Levi's Battery, Light Artillery, Thomas' North Carolina Legion
Brief History[edit | edit source]
It was organized on 1 April 1863, at Wytheville, Virginia. Many of the first enrollees had previously served in Company A, Jackson's Battalion Light Artillery, Virginia State Line, which had disbanded. This company was transferred out of this legion on 17 August 1864, and was thereafter known as Capt. John W. Barr's Battery, Virginia Light Artillery." 
"Units of the Confederate States Army" by Joseph H. Crute, Jr. contains no history for this unit. 
Companies in this Regiment with the Counties of Origin[edit | edit source]
Men often enlisted in a company recruited in the counties where they lived though not always. After many battles, companies might be combined because so many men were killed or wounded. However if you are unsure which company your ancestor was in, try the company recruited in his county first.
Information about the battery and its roster are in Manarin and Jordan, North Carolina Troops 1861-1865: a roster. 
The Civil War Soldiers and Sailors database lists 133 men on its roster for this unit.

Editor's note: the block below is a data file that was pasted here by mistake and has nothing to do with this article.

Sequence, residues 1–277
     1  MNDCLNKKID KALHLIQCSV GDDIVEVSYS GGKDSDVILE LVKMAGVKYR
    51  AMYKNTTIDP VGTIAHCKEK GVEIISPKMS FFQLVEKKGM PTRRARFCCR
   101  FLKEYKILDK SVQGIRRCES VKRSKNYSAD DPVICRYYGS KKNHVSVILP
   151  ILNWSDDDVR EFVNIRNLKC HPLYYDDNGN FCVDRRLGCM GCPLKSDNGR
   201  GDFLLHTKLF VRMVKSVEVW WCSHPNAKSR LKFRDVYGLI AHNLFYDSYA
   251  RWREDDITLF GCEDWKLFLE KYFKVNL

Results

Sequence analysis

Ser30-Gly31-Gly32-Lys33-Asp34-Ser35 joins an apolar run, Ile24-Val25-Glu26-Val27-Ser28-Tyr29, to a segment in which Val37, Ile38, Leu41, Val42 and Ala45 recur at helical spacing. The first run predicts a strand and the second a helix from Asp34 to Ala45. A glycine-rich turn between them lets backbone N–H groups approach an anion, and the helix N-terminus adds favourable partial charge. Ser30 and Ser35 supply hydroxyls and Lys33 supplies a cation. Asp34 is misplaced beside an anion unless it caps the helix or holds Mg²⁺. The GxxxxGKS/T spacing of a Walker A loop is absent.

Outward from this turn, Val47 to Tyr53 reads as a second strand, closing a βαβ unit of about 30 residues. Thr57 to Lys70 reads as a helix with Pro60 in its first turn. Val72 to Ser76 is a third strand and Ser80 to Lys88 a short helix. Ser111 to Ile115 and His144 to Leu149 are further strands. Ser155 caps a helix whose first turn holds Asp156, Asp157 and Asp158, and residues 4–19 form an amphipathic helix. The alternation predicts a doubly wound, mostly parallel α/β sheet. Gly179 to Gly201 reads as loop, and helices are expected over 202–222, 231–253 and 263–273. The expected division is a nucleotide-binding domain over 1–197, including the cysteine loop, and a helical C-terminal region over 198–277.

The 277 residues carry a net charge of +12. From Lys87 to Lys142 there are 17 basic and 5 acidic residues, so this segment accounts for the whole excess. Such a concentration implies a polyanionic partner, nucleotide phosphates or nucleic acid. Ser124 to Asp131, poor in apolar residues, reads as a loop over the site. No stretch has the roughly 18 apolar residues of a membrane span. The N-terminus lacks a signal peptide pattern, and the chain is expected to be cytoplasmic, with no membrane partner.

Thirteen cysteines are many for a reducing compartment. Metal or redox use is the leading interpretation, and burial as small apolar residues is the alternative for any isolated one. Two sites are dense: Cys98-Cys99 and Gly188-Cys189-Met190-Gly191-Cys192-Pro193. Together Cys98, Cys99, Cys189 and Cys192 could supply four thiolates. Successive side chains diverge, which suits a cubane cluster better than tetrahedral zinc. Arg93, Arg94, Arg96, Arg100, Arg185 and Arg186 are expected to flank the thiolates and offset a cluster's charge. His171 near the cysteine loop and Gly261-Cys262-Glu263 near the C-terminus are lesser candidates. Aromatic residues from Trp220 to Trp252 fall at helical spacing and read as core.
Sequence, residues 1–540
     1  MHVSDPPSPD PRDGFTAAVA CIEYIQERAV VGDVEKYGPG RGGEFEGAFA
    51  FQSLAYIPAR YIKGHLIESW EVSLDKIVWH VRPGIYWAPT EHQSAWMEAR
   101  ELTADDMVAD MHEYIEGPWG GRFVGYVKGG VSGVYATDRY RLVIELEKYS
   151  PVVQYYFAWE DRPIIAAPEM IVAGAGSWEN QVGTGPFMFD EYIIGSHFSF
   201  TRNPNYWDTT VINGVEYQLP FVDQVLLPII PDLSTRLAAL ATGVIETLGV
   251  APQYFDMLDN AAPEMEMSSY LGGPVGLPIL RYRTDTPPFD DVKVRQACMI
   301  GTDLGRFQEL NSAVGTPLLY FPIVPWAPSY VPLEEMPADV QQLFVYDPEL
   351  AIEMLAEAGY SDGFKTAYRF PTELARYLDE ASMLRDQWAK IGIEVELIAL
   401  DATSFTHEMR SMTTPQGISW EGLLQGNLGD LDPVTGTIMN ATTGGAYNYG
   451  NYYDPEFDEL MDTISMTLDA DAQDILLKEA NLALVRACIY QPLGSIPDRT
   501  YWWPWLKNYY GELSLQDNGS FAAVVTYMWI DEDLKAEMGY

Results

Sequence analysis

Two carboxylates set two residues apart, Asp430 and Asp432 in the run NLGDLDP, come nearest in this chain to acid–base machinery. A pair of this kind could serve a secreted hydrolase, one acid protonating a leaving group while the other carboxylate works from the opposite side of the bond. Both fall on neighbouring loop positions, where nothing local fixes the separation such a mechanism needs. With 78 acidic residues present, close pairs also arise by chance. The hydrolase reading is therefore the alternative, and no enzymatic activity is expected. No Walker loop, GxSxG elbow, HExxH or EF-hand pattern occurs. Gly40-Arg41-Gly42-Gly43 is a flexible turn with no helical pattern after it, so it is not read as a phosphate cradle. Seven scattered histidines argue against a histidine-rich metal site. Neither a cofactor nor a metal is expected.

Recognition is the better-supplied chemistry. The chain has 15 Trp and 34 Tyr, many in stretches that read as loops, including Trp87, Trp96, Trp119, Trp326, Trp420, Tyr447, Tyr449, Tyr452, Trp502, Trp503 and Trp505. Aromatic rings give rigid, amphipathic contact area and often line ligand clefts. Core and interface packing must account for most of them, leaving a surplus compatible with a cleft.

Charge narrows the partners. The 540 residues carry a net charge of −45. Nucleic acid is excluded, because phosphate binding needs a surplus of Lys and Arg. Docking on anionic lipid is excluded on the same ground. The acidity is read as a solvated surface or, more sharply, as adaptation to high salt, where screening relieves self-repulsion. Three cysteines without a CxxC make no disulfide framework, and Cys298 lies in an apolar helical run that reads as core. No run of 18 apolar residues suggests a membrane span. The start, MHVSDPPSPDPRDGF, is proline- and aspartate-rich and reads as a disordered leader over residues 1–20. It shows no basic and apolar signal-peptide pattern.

Other Sources[edit | edit source]
- Beginning United States Civil War Research gives steps for finding information about a Civil War soldier. It covers the major records that should be used. Additional records are described in ‘North Carolina in the Civil War’ and ‘United States Civil War, 1861 to 1865’ (see below).
- National Park Service, The Civil War Soldiers and Sailors System, is searchable by soldier's name and state. It contains basic facts about soldiers on both sides of the Civil War, a list of regiments, descriptions of significant battles, sources of the information, and suggestions for where to find additional information.
- North Carolina in the Civil War describes many sources, specifically for North Carolina, and how to find them. These include compiled service records, pension records, rosters, cemetery records, Internet databases, published books, etc.
- United States Civil War, 1861 to 1865 describes and explains United States and Confederate States records, rather than state records, and how to find them. These include veterans’ censuses, compiled service records, pension records, rosters, cemetery records, Internet databases, published books, etc.
- John Wheeler Moore. Roster of North Carolina Troops in the War between the States. (Raleigh: Ash & Gatling, State printers, 1882). Internet Archive.